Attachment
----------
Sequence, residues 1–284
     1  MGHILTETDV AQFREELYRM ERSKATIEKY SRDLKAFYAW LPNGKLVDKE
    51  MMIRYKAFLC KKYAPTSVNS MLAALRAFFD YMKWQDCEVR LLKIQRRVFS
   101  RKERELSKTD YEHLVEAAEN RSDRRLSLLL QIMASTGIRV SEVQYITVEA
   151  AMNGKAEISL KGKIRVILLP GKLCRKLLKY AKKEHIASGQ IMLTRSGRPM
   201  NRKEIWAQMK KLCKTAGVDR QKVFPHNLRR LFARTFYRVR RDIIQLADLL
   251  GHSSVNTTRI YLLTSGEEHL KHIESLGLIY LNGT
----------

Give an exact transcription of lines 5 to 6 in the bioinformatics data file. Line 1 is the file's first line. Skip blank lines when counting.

   151  AMNGKAEISL KGKIRVILLP GKLCRKLLKY AKKEHIASGQ IMLTRSGRPM
   201  NRKEIWAQMK KLCKTAGVDR QKVFPHNLRR LFARTFYRVR RDIIQLADLL